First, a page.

The sacroiliac (SI) joint is located where the sacrum (the triangular bone at the bottom of the spine) meets the ilium (part of the pelvis). It’s an essential component that absorbs shock between the upper body and the pelvis and legs. Sacroiliac joint dysfunction, also known as SI joint pain or sacroiliitis, refers to pain in the sacroiliac joint region caused by abnormal motion in the SI joint – either too much motion (hypermobile) or too little motion (hypomobile).
- Trauma: A sudden impact, such as a fall or a car accident, can cause damage to the SI joint.
- Pregnancy: The body releases hormones during pregnancy that allow the ligaments to relax in preparation for childbirth, which can lead to increased movement in the SI joint.
- Biomechanical Problems: An altered walking pattern, even as subtle as wearing a lift in one shoe, can lead to SI joint dysfunction.
- Inflammatory Joint Disease: Conditions like ankylosing spondylitis or psoriatic arthritis can cause inflammation in the SI joint.
- Prior Lumbar Surgeries: Surgeries, especially those that fuse a segment of the lumbar spine, can put additional stress on the SI joint.
- Leg Length Discrepancy: One leg being longer than the other can affect the SI joint.
- Infections: Rare but can cause sacroiliac joint pain.
- Pain: This is the most common symptom. Pain can be felt in the lower back, buttocks, or even the thigh, usually on one side.
- Stiffness: There might be a feeling of reduced range of motion in the pelvis, especially in the morning.
- Instability: The pelvis might feel like it’s going to give out.
- Pain with certain movements: Such as climbing stairs, standing up, or bearing weight on one leg.
- Radiating pain: Sometimes the pain can radiate down the leg or even up the spine.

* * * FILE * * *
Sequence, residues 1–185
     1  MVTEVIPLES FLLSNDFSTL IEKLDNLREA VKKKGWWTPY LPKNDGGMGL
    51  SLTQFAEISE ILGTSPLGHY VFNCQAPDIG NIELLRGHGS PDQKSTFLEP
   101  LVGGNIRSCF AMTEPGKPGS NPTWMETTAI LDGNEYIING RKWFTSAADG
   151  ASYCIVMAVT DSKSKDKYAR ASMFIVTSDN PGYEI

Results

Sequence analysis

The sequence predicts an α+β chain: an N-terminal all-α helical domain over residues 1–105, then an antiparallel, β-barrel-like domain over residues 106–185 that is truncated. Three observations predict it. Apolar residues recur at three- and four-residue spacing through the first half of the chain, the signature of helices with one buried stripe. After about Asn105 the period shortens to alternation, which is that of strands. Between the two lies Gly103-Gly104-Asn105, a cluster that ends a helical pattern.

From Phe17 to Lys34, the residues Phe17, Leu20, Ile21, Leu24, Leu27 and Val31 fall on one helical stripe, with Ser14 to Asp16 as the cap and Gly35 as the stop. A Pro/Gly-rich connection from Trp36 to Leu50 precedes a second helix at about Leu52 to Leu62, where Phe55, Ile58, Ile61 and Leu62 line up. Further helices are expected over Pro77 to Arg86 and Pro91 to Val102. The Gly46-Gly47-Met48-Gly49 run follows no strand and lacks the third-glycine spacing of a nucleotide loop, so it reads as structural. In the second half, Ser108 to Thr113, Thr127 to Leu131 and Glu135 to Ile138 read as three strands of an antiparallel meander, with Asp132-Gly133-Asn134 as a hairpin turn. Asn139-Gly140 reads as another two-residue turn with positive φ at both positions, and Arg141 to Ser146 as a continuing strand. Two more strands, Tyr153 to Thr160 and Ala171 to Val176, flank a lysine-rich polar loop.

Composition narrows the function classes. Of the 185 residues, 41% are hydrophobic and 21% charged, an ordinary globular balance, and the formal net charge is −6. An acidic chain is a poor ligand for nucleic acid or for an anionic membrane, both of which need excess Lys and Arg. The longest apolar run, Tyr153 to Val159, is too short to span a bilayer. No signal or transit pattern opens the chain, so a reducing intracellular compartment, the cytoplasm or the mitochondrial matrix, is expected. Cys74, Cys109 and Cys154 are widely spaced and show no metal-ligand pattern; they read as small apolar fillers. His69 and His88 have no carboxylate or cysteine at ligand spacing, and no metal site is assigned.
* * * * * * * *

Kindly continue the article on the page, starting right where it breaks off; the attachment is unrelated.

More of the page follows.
Myotherapy and SI Joint Dysfunction
Myotherapy is a form of physical therapy that focuses on the treatment and management of musculoskeletal pain, including conditions affecting the muscles, ligaments, and joints. Here’s how Myotherapy can help:
- Manual Techniques: Myotherapists use various techniques like massage, trigger point therapy, and joint mobilisation to release tightness and relieve pain.
- Dry Needling: Similar to acupuncture, this technique can release muscle knots or trigger points, reducing pain.
- Stretching and Exercise: Myotherapists can recommend specific stretches and exercises to restore balance and strength around the SI joint.
- Postural Advice: Poor posture can exacerbate SI joint dysfunction. A Myotherapist can provide advice and exercises to improve posture.
- Heat/Ice Therapy: Myotherapists might suggest alternating between heat and ice therapy to manage inflammation and promote healing.
- Taping: To provide stability and support to the SI joint.
In conclusion, sacroiliac joint dysfunction can be debilitating, but with appropriate intervention, including treatments like Myotherapy, individuals can manage their symptoms and lead a more pain-free life.